WPI’s versatile master’s degree program in Biology and Biotechnology will give you the rigorous knowledge, practical skills, and hands-on experience needed to launch a successful career in the life sciences or prepare for a medical or doctoral program.
As a student in our full-time, thesis-based MS program, you will join a tight-knit, dynamic community of researchers dedicated to advancing the understanding of living organisms and their molecular underpinnings. You will make your own discoveries as you explore areas of interest, and gain essential laboratory training, in our cutting-edge research facilities.
For a more robust program with additional research opportunities, consider WPI’s PhD degree program in Biology and Biotechnology.
You will work closely with a faculty mentor to develop a plan of study and research that matches your interests and career goals. Students typically divide their time among research, courses, and seminars. Core courses cover advanced topics in biology and biotechnology, as well as professional training in areas including grant writing, presentation skills, experimental design, and ethics within the life sciences.
You will culminate your degree program with a research-based thesis that applies the principles of biology and biotechnology using hypothesis-driven experimental methods to address a specific research problem.
- cancer cell biology
- cognition and behavior
- cytoskeletal dynamics
- drug resistance
- epigenetics and gene regulation
- infectious diseases
- neuronal migration and degeneration
- regenerative medicine
- signal transduction mechanisms
Our lab investigates the molecular basis of phenotype switching in human fibroblasts that can be modulated using defined extracellular stimuli. We evaluate the role of oxygen and growth factor FGF2 isoforms independently and in combination in order to identify key molecular mechanisms and pathways, some of which closely mimic mechanisms described in human embryonic stem cells. Extended lifespan of these cells in culture also offers us a model for investigation of molecular mechanism that are regulating cell cycle in the context of both aging and cancer.
My research interests broadly focus on the molecular biology of mRNA translational control – or more simply put, “why” and “how” cells regulate the translation of their mRNAs into proteins. I am particularly interested in translational control as it relates to the cellular stress response. When cells are stressed by environmental factors, such as energy deprivation, heavy metal poisoning, or extreme temperatures, they will conserve resources by restricting mRNA translation.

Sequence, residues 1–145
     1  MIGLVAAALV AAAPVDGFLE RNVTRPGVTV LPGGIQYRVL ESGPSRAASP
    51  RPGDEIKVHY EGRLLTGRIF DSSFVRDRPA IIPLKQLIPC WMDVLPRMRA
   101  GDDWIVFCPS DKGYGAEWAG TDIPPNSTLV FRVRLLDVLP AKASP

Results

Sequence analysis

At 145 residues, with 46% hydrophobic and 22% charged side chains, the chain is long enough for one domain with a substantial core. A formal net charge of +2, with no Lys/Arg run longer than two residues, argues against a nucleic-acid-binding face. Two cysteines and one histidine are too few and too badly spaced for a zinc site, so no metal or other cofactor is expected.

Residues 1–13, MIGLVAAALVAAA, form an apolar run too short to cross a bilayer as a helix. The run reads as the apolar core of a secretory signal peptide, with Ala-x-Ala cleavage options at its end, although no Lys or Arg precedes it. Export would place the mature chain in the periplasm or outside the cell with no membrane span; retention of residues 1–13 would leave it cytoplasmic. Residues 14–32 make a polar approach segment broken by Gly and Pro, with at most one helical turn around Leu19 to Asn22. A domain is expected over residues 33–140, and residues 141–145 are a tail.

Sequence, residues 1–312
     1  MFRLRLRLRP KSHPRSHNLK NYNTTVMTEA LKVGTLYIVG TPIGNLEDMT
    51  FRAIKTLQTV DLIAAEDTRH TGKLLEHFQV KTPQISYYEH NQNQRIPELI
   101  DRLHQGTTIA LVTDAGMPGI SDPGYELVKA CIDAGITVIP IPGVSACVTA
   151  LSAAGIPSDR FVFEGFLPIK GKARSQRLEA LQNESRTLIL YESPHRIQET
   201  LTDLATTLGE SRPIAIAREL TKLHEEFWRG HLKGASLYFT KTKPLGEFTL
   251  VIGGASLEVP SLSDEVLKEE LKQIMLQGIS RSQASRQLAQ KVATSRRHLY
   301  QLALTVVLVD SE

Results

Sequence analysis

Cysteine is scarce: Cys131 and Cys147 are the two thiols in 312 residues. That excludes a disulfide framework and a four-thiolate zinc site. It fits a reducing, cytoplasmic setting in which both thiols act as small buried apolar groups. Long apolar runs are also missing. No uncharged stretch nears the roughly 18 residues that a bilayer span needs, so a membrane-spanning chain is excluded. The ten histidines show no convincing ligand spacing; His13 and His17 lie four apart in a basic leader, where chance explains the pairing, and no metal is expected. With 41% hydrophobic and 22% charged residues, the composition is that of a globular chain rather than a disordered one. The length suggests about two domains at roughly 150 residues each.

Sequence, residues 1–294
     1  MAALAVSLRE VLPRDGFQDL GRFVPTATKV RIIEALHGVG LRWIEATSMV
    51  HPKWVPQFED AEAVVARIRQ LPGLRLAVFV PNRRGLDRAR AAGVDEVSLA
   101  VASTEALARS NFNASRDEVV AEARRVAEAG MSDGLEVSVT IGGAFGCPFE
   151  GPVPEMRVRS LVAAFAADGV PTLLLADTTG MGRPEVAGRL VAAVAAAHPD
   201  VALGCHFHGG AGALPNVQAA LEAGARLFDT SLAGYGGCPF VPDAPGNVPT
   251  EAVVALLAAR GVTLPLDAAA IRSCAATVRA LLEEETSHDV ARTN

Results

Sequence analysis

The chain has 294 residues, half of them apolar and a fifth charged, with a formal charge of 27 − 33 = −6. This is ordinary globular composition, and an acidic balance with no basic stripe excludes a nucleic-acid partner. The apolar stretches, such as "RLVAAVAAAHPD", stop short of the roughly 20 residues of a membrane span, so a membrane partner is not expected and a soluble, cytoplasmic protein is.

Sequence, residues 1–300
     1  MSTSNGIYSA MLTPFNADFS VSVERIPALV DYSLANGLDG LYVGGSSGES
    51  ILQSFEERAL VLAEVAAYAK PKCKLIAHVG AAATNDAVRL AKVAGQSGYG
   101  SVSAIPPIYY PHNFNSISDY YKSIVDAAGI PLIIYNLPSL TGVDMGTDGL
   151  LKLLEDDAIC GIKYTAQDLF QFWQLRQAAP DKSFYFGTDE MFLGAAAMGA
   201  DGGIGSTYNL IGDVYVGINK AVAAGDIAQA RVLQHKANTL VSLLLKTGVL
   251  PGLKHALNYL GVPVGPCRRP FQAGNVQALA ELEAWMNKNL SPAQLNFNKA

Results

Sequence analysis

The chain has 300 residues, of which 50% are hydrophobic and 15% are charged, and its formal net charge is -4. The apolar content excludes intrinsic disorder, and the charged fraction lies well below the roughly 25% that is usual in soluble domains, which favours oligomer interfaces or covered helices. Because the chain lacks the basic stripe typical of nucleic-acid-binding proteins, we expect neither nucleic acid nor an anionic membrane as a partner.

Work in my lab is focused on defining the cellular mechanisms that maintain genome stability in normal cells and understanding how these pathways are corrupted in cancer cells.
Research in my laboratory addresses questions in the field of evolutionary ecology and environmental biology, and typically combines field work and laboratory studies. Current projects focus on two disciplines.
My research program focuses on understanding and managing fungal diseases. We primarily study Candida albicans, an opportunistic pathogen and the most prevalent fungal pathogen of humans. It is responsible for common clinical problems including oral thrush and vaginitis, but can also lead to life-threatening systematic infections in immunocompromised individuals such as AIDS patients, resulting in 30-50% mortality rates. The estimated annual cost of treating nosocomial Candida infections exceeds $1 billion per year.
I have a passion for understanding how living systems work, as well as for sharing my love of biology and research with the next generation of scientists and informed citizens.
The central goal of my lab is to understand the regulatory mechanisms that underlie mycobacterial stress tolerance. We combine genetics, genomics, transcriptomics and biochemistry to understand how mycobacteria respond to, and ultimately survive, stressful conditions.
It has been my lifelong dream to become a professor in the field of Biology. Being a faculty member provides a great opportunity to teach and interact with students. Students by nature are highly inquisitive and motivated, and as teachers, we have the responsibility to guide our students to explore and think in new ways. I believe that teaching is a two-way interaction between teachers and students. I come from India and my parents, both of whom were teachers, taught me to strive for excellence in my scholarly pursuits.
Prof. Weathers is an internationally recognized expert on Artemisia annua and artemisinin, having worked with the plant and its phytochemicals including the antimalarial drug, artemisinin, for >25 years. She is a Fellow of AAAS and SIVB, won many awards, given many national and international presentations, reviews manuscripts for many journals and proposals for many national and international funding agencies. She is an Associate Editor for two journals. Her lab was the first to genetically transform A. annua.